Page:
On 04 Nov 2013, at 18:53, Jason Resch wrote:

It looks like Zeh had more to say in 1999, this theory seems much closer to many dreams: https://en.wikipedia.org/wiki/Many-minds_interpretation #Continuous_infinity_of_minds and http://arxiv.org/abs/quant-ph/9908084

Continuous infinity of minds
In Everett's conception the mind of an observer is split by the measuring process as a consequence of the decoherence induced by measurement. In many-minds each physical observer has a postulated associated continuous infinity of minds. The decoherence of the measuring event (observation) causes the infinity of minds associated with each observer to become categorized into distinct yet infinite subsets, each subset associated with each distinct outcome of the observation. No minds are split, in the many-minds view, because it is assumed that they are all already always distinct.

The choice between multiplication and differentiation remains free in the many-worlds too.

The idea of many-minds was suggested early on by Zeh in 1995. He argues that in a decohering no-collapse universe one can avoid the necessity of distinct macrorealms ("parallel worlds" in MWIterminology) by introducing a new psycho-physical parallelism, in which individual minds supervene on each non-interfering component in the physical state. Zeh indeed suggests that, given decoherence, this is the most natural interpretation of quantum mechanics.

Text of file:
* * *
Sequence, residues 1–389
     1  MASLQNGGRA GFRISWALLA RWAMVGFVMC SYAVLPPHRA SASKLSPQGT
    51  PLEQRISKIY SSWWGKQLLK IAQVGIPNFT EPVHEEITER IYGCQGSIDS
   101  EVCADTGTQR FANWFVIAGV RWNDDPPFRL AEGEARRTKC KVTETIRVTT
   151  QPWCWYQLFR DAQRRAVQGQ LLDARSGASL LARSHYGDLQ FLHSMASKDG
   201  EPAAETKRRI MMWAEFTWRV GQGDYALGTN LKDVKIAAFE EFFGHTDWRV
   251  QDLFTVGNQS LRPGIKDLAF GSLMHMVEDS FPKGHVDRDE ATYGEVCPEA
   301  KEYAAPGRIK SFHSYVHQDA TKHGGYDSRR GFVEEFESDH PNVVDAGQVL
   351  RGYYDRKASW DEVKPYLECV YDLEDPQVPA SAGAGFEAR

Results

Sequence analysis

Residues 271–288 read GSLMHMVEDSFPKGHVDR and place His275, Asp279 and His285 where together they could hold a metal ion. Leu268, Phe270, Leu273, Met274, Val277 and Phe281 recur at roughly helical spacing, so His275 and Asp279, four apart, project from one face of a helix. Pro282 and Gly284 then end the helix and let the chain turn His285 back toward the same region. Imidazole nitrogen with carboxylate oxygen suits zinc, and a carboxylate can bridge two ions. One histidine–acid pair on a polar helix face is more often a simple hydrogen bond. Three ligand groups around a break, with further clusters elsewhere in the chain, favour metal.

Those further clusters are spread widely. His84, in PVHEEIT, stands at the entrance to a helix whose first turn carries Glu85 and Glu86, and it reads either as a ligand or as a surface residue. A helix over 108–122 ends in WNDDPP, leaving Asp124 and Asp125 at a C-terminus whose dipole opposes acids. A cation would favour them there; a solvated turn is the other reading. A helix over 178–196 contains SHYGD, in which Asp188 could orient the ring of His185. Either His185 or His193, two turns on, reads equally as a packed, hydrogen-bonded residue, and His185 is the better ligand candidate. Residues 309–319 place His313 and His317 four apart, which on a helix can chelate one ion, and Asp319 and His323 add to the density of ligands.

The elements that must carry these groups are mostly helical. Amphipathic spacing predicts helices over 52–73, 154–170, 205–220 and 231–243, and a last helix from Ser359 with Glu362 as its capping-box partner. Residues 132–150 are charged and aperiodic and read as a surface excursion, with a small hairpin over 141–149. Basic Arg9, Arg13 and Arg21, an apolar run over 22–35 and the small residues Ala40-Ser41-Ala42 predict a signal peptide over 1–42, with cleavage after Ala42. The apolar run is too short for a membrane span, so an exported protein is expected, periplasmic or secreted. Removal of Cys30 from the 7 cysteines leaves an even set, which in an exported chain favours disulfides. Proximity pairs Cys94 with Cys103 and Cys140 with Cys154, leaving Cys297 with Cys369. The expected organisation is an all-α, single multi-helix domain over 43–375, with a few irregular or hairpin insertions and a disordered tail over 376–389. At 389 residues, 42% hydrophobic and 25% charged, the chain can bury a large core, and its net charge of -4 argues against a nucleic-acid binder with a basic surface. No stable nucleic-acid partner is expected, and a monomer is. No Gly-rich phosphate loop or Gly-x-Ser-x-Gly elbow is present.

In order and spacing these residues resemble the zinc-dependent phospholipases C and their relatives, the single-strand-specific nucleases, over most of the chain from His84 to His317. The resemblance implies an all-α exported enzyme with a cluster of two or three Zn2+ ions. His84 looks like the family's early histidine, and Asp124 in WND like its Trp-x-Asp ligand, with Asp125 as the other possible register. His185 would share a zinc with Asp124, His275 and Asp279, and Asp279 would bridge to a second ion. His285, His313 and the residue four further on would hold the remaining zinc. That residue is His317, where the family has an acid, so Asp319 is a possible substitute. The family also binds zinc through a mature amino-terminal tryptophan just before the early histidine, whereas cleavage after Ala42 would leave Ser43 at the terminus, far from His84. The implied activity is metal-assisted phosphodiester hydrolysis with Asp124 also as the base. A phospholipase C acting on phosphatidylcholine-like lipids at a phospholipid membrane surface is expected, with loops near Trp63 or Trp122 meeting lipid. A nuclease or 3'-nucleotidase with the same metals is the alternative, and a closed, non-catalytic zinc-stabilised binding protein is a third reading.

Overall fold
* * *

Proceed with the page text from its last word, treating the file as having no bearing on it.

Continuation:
I agree with Zeh. I have interpreted the Everett relative states in that way. The problem is that the notion of "world" is very fuzzy in the physical literature (and *very large* in the analytical philosophy).

The main difference between the many-minds and many-worlds interpretations then lies in the definition of the preferred quantity. The many-minds interpretation suggests that to solve the measurement problem, there is no need to secure a definite macrorealm: the only thing that's required is appearance of such.

OK. With comp, we don't have much choice in that matter.

A bit more precisely: the idea is that the preferred quantity is whatever physical quantity, defined on brains (or brains and parts of their environments), has definite-valued states (eigenstates) that underpin such appearances, i.e. underpin the states of belief in, or sensory experience of, the familiar macroscopic realm.

It sounds like under Zeh's many-minds, the difference between it and Everett is a world would be any/all the systems that are psychologically indistinguishable from each other, from the view of some mind.

For some first person plural, which is assured in Everett+Gleason (but ad hoc in Albert-Loewer), and I can't say for Zeh, except that it looks like Everett, but without taking he idea of definite physical world too much seriously. Zeh has an interesting indexical view of time, and his many-minds seems close to the "indexical" view of physicalness we have with computationalism. So Zeh many minds, like Everett many-worlds, and unlike Bohm or Albert-Loewer, might be the measure one part of the arithmetical many dream matrix or UD*. That makes sense. OK.



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